You are here


Isleños came to Louisiana from the Canary Islands--a cluster of thirteen islands off the African coast. Of Spanish ancestry, they were and remain, known as Isleños, a term used to distinguish them from the peninsulares (natives of the Iberian peninsula). 

Arriving between 1778 and 1783, nearly 2,000 Isleños immigrated to Louisiana from five of the seven inhabited Canary Islands--Lanzarote, Gran Canaria, Tenerife, La Palma, and Gomera. The Louisiana government recruited the Canary Islanders to defend the colony and to increase its food production. 

Isleños Center in St. Bernard Parish

Upon arrival in the lower Mississippi Valley, Isleño immigrants established four frontier settlements: Galveztown, near present-day Gonzales (Ascension Parish); Valenzuela along upper Bayou Lafourche (Assumption Parish); Barataria in lower Jefferson Parish; and La Concepcíon or San Bernardo in St Bernard Parish. Because of miserable living conditions in the swampy areas surrounding the first settlements, many of the settlers eventually made their way to St. Bernard Parish. Those individuals who chose not to migrate to St. Bernard Parish generally intermarried with Acadians who were already established in areas adjacent to Louisiana's original Isleño settlements.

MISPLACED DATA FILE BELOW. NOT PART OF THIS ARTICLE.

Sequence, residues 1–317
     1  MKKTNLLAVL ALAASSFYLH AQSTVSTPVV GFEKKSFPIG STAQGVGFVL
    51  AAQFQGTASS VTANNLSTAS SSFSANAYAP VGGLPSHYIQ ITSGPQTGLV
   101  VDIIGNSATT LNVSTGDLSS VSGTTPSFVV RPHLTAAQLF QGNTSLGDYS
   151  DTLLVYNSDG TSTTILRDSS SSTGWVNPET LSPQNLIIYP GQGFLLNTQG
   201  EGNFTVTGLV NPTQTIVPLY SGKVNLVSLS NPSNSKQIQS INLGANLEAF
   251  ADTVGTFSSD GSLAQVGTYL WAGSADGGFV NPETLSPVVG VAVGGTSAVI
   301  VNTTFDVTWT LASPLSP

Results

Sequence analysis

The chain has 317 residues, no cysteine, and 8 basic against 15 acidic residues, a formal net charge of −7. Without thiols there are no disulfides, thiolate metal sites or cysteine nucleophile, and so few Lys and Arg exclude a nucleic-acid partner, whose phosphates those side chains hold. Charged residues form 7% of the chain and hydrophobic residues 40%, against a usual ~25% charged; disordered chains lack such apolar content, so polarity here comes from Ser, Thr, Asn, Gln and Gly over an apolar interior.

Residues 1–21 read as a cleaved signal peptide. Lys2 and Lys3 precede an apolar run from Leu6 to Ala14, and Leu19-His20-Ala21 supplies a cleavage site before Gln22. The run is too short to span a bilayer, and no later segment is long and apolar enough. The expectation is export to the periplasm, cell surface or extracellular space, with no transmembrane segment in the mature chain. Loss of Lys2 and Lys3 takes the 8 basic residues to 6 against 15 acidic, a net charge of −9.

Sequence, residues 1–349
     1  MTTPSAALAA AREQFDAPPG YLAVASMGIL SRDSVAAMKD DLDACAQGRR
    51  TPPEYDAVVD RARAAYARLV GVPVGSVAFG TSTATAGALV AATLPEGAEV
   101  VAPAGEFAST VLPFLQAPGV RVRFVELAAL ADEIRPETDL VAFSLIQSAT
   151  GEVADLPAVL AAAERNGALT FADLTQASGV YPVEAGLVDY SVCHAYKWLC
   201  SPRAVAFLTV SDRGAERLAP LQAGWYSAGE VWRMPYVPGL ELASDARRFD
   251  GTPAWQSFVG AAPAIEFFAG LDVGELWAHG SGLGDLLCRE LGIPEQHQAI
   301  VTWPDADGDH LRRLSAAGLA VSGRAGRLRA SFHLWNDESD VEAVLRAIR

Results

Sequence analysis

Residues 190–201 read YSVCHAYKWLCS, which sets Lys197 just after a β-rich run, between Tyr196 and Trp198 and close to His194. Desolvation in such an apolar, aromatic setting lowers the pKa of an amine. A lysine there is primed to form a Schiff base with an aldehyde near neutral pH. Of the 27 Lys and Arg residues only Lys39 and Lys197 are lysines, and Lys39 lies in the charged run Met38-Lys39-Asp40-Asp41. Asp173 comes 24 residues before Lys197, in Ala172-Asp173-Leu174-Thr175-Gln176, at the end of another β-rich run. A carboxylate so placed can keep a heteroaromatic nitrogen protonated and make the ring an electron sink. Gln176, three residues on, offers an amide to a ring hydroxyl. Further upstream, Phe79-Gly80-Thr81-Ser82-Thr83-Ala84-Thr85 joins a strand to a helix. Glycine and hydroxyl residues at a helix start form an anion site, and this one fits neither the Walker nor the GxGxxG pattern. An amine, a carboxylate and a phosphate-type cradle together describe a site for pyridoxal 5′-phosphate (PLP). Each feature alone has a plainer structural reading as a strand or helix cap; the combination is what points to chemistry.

The St. Bernard Parish community is the focal point of modern Isleño studies. Its geographical isolation helped preserve the group's language and traditions. Throughout their Louisiana experience, Isleños have earned a livelihood by small scale farming and ranching, hunting, trapping, and fishing. Though many of the present generation now work in the chemical and industrial plants near New Orleans, some St. Bernard Isleños continue to fish the state's southeastern waters. 

by Diana C. Monteleone